Arthritis Cure

🔥+ Arthritis Cure 05 Jun 2020 Hot or cold compress Apply a cold compress or bag of ice to your stiff joint for 15 to 20 minutes several times a day. This can help reduce inflammation or swelling and ease the joint into movement. It can also dull pain receptors so you experience less pain. Heat is also therapeutic to joints and muscles.

Arthritis Cure Although changes in weather did not seem to affect symptoms, higher humidity was linked with increasing pain and stiffness, especially in colder ...

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American Academy of Allergy Asthma & Immunology
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Joint Inflammation and food allergy


Arthritis Curehow to Arthritis Cure for Reviewed: February 24, 2020
I recently had a patient referred for food allergy testing by her orthopedic surgeon due to severe inflammation in her joints. I did send celiac disease blood testing but did not perform broad food testing on the patient as I am unaware of any known association between food allergy and joint disease. Possible oral allergy syndrome based on history of mouth burning and itching with ingestion of plums and oranges and thus I recommended avoidance of these foods for that condition. Skin prick testing to orange and plum extracts were negative; did not test with fresh fruits. Do you have any recommendations for further testing or know of any studies which indicate a relationship between food allergy and joint inflammation?

Arthritis Curehow to Arthritis Cure for A:

There is no evidence that IgE mediated food sensitivity will cause chronic joint inflammation. There have been case reports of an association with food and joint pain, usually with rheumatoid arthritis. Dr. Panush in 1990 reported that in his clinic “Probably not more than 5% of rheumatic disease patients have immunologic sensitivity to food(s).” This statement was based upon a combination of detecting IgG-food immune complexes, of measuring IgG, IgG4, IgA, IgM and IgE to food and of assessing the effects of unblended diet on symptoms. He concluded “These observations suggest a role for food allergy in at least some patients with rheumatic disease.”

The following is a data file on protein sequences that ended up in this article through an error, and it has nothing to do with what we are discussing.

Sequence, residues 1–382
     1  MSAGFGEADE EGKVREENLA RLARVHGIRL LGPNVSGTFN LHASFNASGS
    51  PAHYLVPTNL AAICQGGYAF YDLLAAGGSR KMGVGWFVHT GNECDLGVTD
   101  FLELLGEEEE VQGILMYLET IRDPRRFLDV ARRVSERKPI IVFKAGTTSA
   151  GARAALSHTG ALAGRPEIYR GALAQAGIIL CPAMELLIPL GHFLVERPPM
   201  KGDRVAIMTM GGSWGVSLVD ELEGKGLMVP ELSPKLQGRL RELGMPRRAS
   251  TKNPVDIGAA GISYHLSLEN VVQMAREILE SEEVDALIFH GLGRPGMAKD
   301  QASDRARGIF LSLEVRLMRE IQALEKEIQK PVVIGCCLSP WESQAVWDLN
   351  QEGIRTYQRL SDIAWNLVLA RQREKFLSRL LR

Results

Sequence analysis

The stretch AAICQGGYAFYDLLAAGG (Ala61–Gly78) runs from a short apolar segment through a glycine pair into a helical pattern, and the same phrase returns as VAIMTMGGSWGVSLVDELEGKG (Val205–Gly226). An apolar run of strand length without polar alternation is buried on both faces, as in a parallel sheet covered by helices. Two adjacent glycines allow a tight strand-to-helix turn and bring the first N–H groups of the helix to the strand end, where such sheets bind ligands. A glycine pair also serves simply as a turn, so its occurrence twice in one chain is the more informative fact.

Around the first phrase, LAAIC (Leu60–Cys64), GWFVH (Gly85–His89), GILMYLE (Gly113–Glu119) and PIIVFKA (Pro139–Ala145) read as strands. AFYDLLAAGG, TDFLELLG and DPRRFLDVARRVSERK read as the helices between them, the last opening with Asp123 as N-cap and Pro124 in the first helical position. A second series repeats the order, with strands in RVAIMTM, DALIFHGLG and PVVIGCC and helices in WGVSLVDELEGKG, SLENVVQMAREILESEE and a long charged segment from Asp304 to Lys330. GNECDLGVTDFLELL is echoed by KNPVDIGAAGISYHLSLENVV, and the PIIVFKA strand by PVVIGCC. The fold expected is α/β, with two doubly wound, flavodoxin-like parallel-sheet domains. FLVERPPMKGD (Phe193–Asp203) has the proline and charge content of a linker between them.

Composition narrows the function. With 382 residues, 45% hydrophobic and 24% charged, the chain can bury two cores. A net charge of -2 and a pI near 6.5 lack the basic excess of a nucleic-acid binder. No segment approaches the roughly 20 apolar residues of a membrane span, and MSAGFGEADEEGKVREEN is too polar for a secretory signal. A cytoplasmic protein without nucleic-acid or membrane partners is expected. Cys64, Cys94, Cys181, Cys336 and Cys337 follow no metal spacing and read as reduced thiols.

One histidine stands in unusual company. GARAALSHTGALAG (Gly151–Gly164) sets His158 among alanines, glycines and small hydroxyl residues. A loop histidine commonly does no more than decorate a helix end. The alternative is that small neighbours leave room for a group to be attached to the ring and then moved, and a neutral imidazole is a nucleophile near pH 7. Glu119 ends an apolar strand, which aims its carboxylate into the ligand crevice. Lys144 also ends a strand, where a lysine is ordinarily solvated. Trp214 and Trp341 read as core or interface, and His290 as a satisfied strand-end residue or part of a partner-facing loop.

In summary, there is no definitive relationship between food allergy and joint inflammation. Avoidance diets, including reduction of foods with long chain n-3 polyunsaturated fats and polyunsaturated omega-6 fatty acid (arachidonic acid) and substitution with fish (rich in omega-3 fatty acids and eicosapentaenoic acid), have been associated with improvement in joint complaints but there is no evidence of immunologic basis for these diets. Immunologic responses to food have been measured but the roles of specific immune responses in joint diseases have not been established. Most data suggest diet effects, if any, are metabolic. Any recommendations for specific immunologic testing to food, specifically IgE testing, is speculative and, in my opinion, not advisable.

Darlington, L. G., N. W. Ramsey, and J. R. Mansfield. "Placebo-controlled, blind study of dietary manipulation therapy in rheumatoid arthritis." The Lancet 327.8475 (1986): 236-238.

Hafström, I., et al. "A vegan diet free of gluten improves the signs and symptoms of rheumatoid arthritis: the effects on arthritis correlate with a reduction in antibodies to food antigens." Rheumatology 40.10 (2001): 1175-1179.

Parke, A. L., and G. R. V. Hughes. "Rheumatoid arthritis and food: a case study." BMJ 282.6281 (1981): 2027-2029.

Panush, R. S. "Food induced (" allergic") arthritis: clinical and serologic studies." The Journal of Rheumatology 17.3 (1990): 291-294.

Giuseppe, Daniela Di, and Alicja Wolk. "Diet and rheumatoid arthritis development: what does the evidence say?" International Journal of Clinical Rheumatology 9.2 (2014): 169-182.

I hope this information is of help to you and your patient.

All my best.
Dennis K. Ledford, MD, FAAAAI